Friday, 17 January 2014

Shock report: GW is losing popularity!!!

Since my last post GW have both come out and clarified the WD magazine situation and released their financial report.

The deal with the magazines is as anticipated in many quarters, one becomes two as the shiny advertising is split off to become a weekly catalogue and 'hobby content' is released monthly in a more expensive form.

Well, good luck to them I guess but I remain deeply suspicious of GW's ability to produce any writing of real quality. They have got an over-worked, cut-price staff working on all their output these days and it shows. While the shiny, glossiness of the magazine and books has risen tenfold (good to see all those graphic design degrees being put to good use) the substance has withered away to naught.

I'm not going to buy issue one of Warhammer Visions. There, I've committed myself now. I'm fed up of giving GW second chances. While I have many friends who still work for them and avoid the malicious bashing of GW at all costs I have lost all hope of ever seeing things turn around. I have actually begun to detect a few nods here and there to the retro scene, my mate gives me a free WD each month and I swear some of the articles were written by someone aware of the Old School scene and the growing bands of retro-gamers out there. Narrative campaigns made a reappearance for the first time in decades too.

It was all a bit mediocre though. The books and supplements were too shallow, too focused on teh awesum perilous grims and grim darks.

Where was the poet who had to weigh the terror of the Warhammer World against the more immediate fear of failing to fulfil a drunken oath given to a psychotic Dwarf that could tear him in half? (Bill King's Felix & Gotrek.)

Where were the insidious story hooks that gave dangerous hints about a wider galaxy? (Rogue Trader.)

Where were the Space Marines that battled their homesickness and homo-erotic feelings even as they battled Tyranids? (Ian Watson's Space Marine.)

Where was the playwright thrust into a real life tragic drama alongside a child-like vampire with as much sensual, sexual energy as fighting prowess? (Jack Yeovil's Drachenfels.)

All in the past, that's where. Has the ability to create pulp fiction of this quality left the British Isles? I say no, I think it's down to penny-pinching and restrictive deadlines that smother creativity. I always assume the knock-on effect the poor writing has on the games is obvious to all, the stories and the game should go hand in hand, grist for the mill so to speak. Before I move on to the rather juicy report, I will end this section with a reminder to GW, 'you have to speculate to accumulate'. Ah, who am I kidding!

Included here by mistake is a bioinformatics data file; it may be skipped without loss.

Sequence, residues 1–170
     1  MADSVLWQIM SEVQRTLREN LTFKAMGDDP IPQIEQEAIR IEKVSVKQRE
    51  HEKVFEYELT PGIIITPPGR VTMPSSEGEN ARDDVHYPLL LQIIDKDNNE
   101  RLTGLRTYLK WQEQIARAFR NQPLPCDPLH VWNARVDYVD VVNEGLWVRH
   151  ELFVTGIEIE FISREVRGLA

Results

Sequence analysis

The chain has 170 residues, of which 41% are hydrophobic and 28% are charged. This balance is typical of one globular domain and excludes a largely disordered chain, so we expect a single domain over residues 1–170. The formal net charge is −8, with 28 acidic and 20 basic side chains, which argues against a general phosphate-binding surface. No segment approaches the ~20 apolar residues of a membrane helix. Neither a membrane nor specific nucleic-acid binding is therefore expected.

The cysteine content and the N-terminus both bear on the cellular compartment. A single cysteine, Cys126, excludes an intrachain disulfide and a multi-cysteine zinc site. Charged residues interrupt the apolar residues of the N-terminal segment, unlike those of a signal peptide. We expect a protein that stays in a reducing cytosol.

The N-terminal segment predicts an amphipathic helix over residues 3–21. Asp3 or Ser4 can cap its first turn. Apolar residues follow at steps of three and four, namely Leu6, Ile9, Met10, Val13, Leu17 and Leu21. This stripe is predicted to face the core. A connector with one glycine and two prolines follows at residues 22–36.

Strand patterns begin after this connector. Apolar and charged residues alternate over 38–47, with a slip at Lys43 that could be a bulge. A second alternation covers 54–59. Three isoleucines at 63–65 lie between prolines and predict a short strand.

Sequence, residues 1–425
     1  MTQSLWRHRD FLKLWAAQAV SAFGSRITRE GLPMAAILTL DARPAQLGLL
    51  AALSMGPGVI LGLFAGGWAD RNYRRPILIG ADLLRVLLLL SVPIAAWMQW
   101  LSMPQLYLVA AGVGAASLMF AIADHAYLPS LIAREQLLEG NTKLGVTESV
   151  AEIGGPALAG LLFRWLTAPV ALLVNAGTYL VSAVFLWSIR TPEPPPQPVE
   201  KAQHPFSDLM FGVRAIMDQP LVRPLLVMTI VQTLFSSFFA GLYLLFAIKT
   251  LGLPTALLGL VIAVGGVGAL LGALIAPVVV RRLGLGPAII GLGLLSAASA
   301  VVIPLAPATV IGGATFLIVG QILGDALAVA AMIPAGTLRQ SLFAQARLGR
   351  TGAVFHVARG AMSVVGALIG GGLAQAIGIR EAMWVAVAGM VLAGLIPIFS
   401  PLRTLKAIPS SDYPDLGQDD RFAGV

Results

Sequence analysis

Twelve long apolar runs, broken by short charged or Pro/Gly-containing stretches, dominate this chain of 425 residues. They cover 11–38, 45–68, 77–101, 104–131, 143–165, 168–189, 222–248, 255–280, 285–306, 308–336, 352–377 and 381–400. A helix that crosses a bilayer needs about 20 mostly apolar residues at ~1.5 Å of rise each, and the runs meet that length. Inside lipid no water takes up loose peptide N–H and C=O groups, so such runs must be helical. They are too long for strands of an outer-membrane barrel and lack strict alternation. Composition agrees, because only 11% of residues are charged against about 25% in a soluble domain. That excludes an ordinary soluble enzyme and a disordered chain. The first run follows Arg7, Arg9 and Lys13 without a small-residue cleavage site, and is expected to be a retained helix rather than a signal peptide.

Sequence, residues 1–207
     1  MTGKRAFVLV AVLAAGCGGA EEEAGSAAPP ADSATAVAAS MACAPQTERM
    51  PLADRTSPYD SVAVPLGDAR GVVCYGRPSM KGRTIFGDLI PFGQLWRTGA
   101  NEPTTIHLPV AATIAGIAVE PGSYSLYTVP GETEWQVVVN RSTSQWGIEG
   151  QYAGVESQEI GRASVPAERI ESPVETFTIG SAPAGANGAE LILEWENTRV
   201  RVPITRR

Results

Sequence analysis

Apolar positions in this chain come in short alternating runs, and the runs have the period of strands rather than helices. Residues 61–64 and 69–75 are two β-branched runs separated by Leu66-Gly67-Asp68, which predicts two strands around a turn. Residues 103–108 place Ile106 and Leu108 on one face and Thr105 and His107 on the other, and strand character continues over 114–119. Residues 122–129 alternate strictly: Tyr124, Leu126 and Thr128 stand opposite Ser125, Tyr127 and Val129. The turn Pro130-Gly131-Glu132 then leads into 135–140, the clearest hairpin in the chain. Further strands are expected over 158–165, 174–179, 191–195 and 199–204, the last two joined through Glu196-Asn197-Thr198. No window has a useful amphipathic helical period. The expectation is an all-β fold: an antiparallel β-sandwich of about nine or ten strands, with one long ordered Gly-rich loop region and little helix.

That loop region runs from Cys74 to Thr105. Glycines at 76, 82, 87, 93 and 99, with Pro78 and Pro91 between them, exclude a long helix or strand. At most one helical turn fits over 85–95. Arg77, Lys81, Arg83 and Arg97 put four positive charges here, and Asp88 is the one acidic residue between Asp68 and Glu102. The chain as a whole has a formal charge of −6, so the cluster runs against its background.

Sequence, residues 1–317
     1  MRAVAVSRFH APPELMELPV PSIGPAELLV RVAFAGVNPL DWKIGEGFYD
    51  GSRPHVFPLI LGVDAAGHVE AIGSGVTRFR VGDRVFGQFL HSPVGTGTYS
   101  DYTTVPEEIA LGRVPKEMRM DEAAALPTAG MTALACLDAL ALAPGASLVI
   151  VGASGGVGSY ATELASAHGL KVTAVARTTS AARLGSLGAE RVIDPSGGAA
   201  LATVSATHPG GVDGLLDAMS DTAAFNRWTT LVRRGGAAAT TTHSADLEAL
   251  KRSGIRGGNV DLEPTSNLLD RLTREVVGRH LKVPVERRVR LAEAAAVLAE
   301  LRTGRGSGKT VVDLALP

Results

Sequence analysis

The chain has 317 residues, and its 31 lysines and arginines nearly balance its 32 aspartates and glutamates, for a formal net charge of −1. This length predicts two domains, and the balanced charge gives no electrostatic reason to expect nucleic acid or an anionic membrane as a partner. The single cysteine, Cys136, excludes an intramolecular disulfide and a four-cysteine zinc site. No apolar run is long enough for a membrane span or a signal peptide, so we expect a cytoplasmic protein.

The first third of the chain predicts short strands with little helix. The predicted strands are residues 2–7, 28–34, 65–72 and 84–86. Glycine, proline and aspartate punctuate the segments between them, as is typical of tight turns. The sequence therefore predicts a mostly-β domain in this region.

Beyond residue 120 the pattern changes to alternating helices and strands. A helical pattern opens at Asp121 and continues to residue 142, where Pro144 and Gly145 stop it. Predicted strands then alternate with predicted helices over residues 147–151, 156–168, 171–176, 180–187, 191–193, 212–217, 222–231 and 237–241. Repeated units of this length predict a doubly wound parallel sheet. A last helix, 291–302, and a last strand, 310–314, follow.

The report then. It's baaaad. There are positives to be drawn from it, technically they are still making a few million in profit, but there will be no dividend paid out this time and the shares have taken a nose dive as a result. The way those share prices recover in the coming weeks will be a key factor in deciding the future of GW in the long-term. 'Weak share price provokes hostile takeover bid' is one possible headline. 'Shareholders revolt' is another. I don't intend to start another diatribe about GW's strategies bringing about their own downfall, it's an all too familiar tune by now, but I will say this brings us a big step closer to the removal of several armies from Warhammer or at least their integration into other lists. This will mark the first step back for GW who have been trying to embiggen Warhammer in a bid to emulate the success of 40k. The design staff fought with marketing to be allowed to make changes to the Warhammer restrictions they worked under (eg. creating three-sprue kits for Warhammer instead of only one and two) because they believed it would drive sales. In light of these figures it would seem the creatives will have to admit defeat. When Dreadfleet failed to reach the targets set for it, marketing canned all future boxed specials as a result (Blood Bowl 25th anniversary edition was an idea that became a casualty of this decision) so I imagine talks will be reignited over Warhammer only this time with a very negative mindset casting a pall over proceedings.

I hope things straighten out in Lenton, for my friends sake, and I don't indulge in schadenfreude as a rule so I will always be urging GW to turn it around rather than implode but I have to say I am left anticipating more bad news to come if I'm honest.

Thanks for stopping by!

15 comments:

  1. Very well written post Paul. I hope this does represent a turning point for GW in the most positive sense of the phrase.

    Good use of the word embiggen. It is a very cromulent word.

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    1. Thanks! Glad you enjoyed it. I too hope for the best, even while fearing the worst.

      Pleased you like my casual approach to English! (For those of you who don't know what the heck we are talking about, watch the Simpsons episode 'Lisa the Iconoclast'.)

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  2. "Where were the Space Marines that battled their homesickness and homo-erotic feelings even as they battled Tyranids? (Ian Watson's Space Marine.)"